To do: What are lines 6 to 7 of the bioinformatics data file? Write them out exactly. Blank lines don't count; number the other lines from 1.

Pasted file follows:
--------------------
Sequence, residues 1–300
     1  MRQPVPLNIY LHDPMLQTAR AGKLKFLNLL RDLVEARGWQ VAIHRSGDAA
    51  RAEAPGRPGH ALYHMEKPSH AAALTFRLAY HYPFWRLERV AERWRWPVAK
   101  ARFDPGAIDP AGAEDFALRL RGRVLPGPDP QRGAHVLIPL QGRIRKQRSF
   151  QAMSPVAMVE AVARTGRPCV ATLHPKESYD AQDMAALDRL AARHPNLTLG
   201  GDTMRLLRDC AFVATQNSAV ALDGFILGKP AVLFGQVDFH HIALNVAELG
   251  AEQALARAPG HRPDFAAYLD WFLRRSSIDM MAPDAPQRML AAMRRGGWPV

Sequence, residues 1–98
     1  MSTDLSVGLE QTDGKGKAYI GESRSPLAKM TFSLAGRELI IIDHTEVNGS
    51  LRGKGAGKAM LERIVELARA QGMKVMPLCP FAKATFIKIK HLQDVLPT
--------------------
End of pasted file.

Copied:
   201  GDTMRLLRDC AFVATQNSAV ALDGFILGKP AVLFGQVDFH HIALNVAELG
   251  AEQALARAPG HRPDFAAYLD WFLRRSSIDM MAPDAPQRML AAMRRGGWPV